The retro-futuristic Apparatum draws from Polish electronic music history

Plus more on the ongoing legacy in Poland:

This 1971 Dancing Rectangle from Poland Predicts Modern Techno, AV

Live techno after Polish punk and communism: Dyktando of Brutaż

The post Free pack of sounds from the Polish Radio Experimental Studio appeared first on CDM Create Digital Music.

Logic Pro 10.4.2, MainStage 3.4: why you’ll want to update now

The new Logic adds multi-track Smart Tempo, and sorely needed external storage of sounds, among other improvements – and live performance-friendly MainStage syncs up with Logic’s latest instruments, effects, and features.

Note that Mojave actually isn’t specifically mentioned in these updates – but pro audio users will, as always, want to move nice and slow with major OS updates to let hardware and software developers catch up and find any issues.

But existing Logic users should grab this one. Here’s the big one: if you’re running Logic on a machine that’s low on hard disk space (raises hand), you can now move your Logic Sound Library to an external storage device. So while 10.4 did add improvements for choosing what to install and what not to install, this is … possibly even better, because you can just buy a big, cheap drive and not sweat it at all.

Smart Tempo was a fascinating idea in 10.4, but now it’s actually fleshed out – so multi-track recordings, MIDI data, and imported stems now can all work with flexible time, without a metronome. (That is, they can both be a source or a target.)

Another overdue but important improvement: automation points can align vertically.

None of that will make you more creative, but Alchemy could. It’s an instrument that’s one of the best reasons to use Logic at the moment, even if we’re all sad it’s no longer a plug-in. And if you weren’t already importing audio into its powerful engine, now’s a good time to start, with a workflow that lets you choose how the engine will play that audio right as you drag it in.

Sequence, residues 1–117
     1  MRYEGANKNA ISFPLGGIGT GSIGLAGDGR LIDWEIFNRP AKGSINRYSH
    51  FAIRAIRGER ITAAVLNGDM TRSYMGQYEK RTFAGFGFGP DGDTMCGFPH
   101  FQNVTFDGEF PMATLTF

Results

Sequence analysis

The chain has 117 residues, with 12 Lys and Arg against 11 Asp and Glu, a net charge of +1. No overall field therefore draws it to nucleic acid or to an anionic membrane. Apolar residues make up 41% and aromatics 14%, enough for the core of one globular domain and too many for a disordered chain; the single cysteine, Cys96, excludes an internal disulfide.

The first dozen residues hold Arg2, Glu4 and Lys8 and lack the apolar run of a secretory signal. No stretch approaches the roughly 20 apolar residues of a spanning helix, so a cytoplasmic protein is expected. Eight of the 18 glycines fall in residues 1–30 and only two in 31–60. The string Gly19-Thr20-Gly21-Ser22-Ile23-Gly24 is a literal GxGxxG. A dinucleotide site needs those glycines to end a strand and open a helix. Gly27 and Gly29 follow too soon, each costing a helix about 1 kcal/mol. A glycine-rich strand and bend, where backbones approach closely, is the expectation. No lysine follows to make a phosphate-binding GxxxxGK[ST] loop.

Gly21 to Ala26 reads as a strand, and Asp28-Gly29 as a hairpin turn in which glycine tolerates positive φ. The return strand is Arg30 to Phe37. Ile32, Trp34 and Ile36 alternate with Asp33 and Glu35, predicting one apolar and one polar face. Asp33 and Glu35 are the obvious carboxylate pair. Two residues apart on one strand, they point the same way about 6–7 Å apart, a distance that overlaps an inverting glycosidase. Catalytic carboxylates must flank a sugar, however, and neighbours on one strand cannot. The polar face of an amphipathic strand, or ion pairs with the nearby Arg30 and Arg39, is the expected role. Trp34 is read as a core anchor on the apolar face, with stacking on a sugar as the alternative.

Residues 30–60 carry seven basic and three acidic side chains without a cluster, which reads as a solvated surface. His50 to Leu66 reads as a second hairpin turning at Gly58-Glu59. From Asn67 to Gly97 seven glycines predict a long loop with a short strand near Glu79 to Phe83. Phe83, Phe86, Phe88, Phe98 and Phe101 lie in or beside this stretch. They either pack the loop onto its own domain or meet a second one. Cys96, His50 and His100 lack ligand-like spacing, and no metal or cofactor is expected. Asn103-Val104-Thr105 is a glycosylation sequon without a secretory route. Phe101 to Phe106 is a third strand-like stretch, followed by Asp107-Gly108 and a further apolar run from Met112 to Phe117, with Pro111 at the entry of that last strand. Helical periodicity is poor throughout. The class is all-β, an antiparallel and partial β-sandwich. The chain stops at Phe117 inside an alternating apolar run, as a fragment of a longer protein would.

The word from Apple:

• The Sound Library can be relocated to an external storage device
• Smart Tempo can analyze tempo data across multi-track recordings to define the Project Tempo
• Imported multi-track stems can follow or define Project Tempo
• Smart Tempo now analyzes the tempo of MIDI performances recorded without a metronome
• Alchemy provides drag and drop hot zones that let you select re-synthesis and sampling options while importing audio
• Alchemy allows numerical editing of parameter values
• Dragging one automation point over another now aligns them vertically
• New mixer mode allows channel strip fader and pan controls to be used to set send level and pan
• Automatic Slurs can be applied to selected notes in the Score Editor
• Add a photo to track or project notes to help remember key session details or studio hardware settings
• This update also contains numerous stability and performance improvements

Now we’re just waiting on a release that finally cleans up some of the older effects and instruments in Logic’s library – one by one, we’re getting there. (Sculpture and Space Designer gladly got a big refresh in 10.4!)

MainStage

MainStage now syncs up with the latest Logic, though it’s a shame these releases are not in (word of the week) “lockstep.”

So the following list is so long for MainStage because it’s partly catch-up with Logic 10.4’s various additions. That is a big deal for MainStage, because 10.4 included a bunch of effects and instruments.

This also means MainStage could be a go-to if you just want to jam with those toys and don’t care particularly about Logic – or, for that matter, even a DAW, period.

The “3.4” version number gives you a clue that this is the bigger of these updates:

General
• Channel Strip MIDI input inspector allows any MIDI CC data to be filtered, transformed or passed through
• Text notes can be added to the bottom of channel strips
• The Metronome is now fully configurable, with separate settings for Bar, Group, Beat, and Division
• This update also contains numerous stability and performance improvements

Sound Library
• The Sound Library can be relocated to an external storage device
• 2 vintage brush kits for Drum Kit Designer
• More than 800 new loops in a variety of instruments and genres
• New Visions library for Alchemy adds 150 cinematic presets

Plug-Ins
• ChromaVerb is a sophisticated new algorithmic reverb with a colorful, interactive interface for creating rich acoustic spaces
• Space Designer offers a new design and a scalable, Retina interface
• Step FX adds rhythmic multi-effect processing using 3 powerful step sequencers and an X/Y pad
• Phat FX makes your tracks bigger and bolder using 9 effects that add warmth and punch to your sounds
• The Vintage EQ Collection provides 3 accurate models of vintage analog EQs from the 1950s to the 1970s